Telling Your Time Where to Go (Instead of Wondering Where it Went)

Big Picture: Just as budgeting your money allows you to be in control of your finances, time budgeting allows you to be in control of your time (instead of the other way around). This post shares some practical tips to help you be more in control of your time.

“A budget is telling your money where to go instead of wondering where it went.” Dave Ramsey

We typically think of budgeting from a money perspective. Many of us have a love-hate (or even a hate-hate) relationship with the practice. Regardless of the emotions that surface when the subject comes up, however, most of us would admit that budgeting, when done right, is a useful tool for taking control of your finances.

The same can be said about your time. Think of it this way… “A {time} budget is telling your {time} where to go instead of wondering where it went.” Sounds nice, doesn’t it? When is the last time you wondered where your time went? With some proper planning and intentionality, you can begin to take more control of your time. And, as we look to start the new year right, this is a perfect opportunity to “tell your time where to go”.

Here are some tips on better managing your time in the new year:


Admitting is half the journey. When I ask people where they spend most of their free time, however, a common answer I get is, “Free time, what’s that?!” I can understand that. There are days that get away from me and weeks where I’m exhausted just trying to keep up with my calendar and workload. But there is an important designation that we need to make. Free time isn’t empty time.

Free time isn’t the moment you tell yourself, “Wow, I’ve got three extra hours today that I have no idea what I’m going to do with!” (Does that even happen?) We always find things to fill those empty spots. Unless you’re on vacation, most of the time you’re not going to have empty time, and that’s okay because that’s not what we’re talking about.

When I talk about free time, I’m talking about time that you and I have control over. You are the one who is going to make the decision about what you will or won’t use that time for.

We all have time that other people control, don’t we? We have an employer/work time where we’re responsible to somebody else who pays us for our use of that time. We may have family time where we’re responsible to a spouse and/or children and others in our family for. But each of us also has time that we determine how to spend.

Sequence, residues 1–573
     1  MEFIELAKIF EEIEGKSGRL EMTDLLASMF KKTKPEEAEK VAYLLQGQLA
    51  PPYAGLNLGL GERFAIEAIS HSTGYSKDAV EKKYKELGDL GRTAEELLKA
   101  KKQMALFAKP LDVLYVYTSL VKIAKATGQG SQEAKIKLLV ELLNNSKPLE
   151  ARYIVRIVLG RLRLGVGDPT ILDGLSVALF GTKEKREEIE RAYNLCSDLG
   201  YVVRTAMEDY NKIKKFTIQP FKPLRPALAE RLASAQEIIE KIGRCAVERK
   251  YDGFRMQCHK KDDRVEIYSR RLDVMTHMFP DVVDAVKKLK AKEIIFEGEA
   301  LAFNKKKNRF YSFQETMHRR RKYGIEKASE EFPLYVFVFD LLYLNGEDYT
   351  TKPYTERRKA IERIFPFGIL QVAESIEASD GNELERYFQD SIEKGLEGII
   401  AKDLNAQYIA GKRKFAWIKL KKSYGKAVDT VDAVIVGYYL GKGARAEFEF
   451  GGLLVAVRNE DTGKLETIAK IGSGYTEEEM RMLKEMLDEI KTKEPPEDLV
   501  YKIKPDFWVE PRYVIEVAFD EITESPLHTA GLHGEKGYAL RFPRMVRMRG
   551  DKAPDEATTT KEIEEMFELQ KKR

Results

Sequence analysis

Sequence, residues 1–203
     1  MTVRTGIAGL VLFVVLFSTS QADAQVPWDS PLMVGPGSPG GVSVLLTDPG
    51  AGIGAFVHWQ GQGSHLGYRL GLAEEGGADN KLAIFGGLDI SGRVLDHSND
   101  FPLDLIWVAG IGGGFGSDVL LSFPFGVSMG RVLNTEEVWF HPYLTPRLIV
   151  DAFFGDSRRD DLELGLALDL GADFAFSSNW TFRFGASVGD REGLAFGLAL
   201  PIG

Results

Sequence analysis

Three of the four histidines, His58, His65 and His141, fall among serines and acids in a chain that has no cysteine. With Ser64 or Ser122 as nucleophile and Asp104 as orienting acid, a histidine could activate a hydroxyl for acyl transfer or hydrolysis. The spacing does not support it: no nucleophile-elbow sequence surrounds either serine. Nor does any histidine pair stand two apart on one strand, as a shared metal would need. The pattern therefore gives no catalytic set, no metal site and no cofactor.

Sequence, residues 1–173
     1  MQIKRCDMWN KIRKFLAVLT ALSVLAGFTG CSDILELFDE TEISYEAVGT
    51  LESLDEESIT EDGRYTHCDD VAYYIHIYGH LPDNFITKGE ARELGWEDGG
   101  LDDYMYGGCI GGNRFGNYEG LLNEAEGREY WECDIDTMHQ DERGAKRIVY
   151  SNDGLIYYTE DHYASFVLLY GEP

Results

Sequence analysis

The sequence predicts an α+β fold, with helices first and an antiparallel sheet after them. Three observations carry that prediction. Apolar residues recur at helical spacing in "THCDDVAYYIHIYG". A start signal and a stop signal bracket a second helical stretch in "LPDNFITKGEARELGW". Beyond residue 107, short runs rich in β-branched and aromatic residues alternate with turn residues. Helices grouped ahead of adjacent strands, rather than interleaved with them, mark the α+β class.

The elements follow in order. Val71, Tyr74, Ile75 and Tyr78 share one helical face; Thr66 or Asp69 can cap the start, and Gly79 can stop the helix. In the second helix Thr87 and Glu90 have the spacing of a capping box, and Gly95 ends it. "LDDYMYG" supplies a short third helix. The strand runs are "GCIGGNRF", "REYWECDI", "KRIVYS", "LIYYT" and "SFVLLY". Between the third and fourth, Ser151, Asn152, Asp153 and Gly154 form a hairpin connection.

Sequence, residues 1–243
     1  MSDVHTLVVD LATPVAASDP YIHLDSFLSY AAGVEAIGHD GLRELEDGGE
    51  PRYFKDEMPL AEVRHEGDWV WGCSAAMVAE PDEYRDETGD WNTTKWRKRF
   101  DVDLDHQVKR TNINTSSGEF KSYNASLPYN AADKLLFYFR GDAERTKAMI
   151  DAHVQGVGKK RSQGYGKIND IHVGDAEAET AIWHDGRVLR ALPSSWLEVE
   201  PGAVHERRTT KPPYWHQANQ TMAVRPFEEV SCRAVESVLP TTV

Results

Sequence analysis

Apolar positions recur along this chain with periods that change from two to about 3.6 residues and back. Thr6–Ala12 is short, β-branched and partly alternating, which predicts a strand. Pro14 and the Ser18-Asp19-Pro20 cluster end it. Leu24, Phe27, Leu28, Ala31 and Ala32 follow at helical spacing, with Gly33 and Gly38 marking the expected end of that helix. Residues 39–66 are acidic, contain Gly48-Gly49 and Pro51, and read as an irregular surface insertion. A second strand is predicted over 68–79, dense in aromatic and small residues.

You do have time you can control.


Let’s consider what free time looks like. Use the following questions to think about how you use it…

  • Where do you spend most of your free time?
  • The last time you had a choice about what you did with your time, what did you use that time for?
  • Think through your typical day. What do you typically fill your available time slots with? (It might be good to walk through this process with both a typical week day and a typical weekend day.)
  • Make a list of the top five things that take up the time you control.

Now, consider the following… “What are five things that you wish you had more time for?”

Compare those two lists. Why do you wind up spending time doing the things on the first list (the things that take up your time) instead of the things on the second list (the things that you wish you had more time for)?

  • Oftentimes, the urgent things in life squeeze out space for the important things. When did you last experience this?
  • Make a list of the top five things that steal the time you control away from the things you wish you had more time for.

After walking through these questions, you should have a good idea of where your biggest time barriers are. Be more aware and intentional this week to recognize those barriers and work to take control of them.


Another helpful exercise is to think through your week and block out what you would love your ideal week to look like. Author Michael Hyatt has written a great article walking through this process (he even provides an Excel template you can use). You can check it out at the link below. Natural seasonal change points (like a new year) are a great time to review how you would like your days to look and to be intentional in setting up your schedule with purpose.

Read: “How to Better Control Your Time by Designing Your Ideal Week” by Michael Hyatt.


Even when we have an idea of how we would like our days to look, our reality doesn’t always match. Most of us don’t have the luxury of completely dictating our schedules without the input of others. There are obligations and meetings that demand time from us that we don’t have as much control over. Even when we do have a certain level of control, unexpected interruptions can derail us quickly. Here is how I have experienced this in my life…

I oftentimes would get completely sidetracked and sapped if I had days that wound up looking something similar to…

  • Meeting
  • Short window to work in-between
  • Meeting
  • Short window to work in-between
  • Meeting

It was hard to re-engage in what I was working on when meetings kept interrupting my days. I would usually get to the end of those days and feel as though I had accomplished nothing or very little.

To avoid this, I decided what times I wanted to be meeting-available times, and then I blocked everything else off on my calendar. This was as straightforward as scheduling a meeting for myself, calling it “No Meetings”, and then setting my availability status to “Busy” during those times. This meant that when people wanted to meet with me and went to schedule the meeting, they only saw my ‘meeting available’ times. My focused work blocks were preserved, as was the flow of the day that I was seeking.


Question: What time hacks do you use to be more in control of your time? Share your tips and best advice on Facebook, Twitter, or LinkedIn.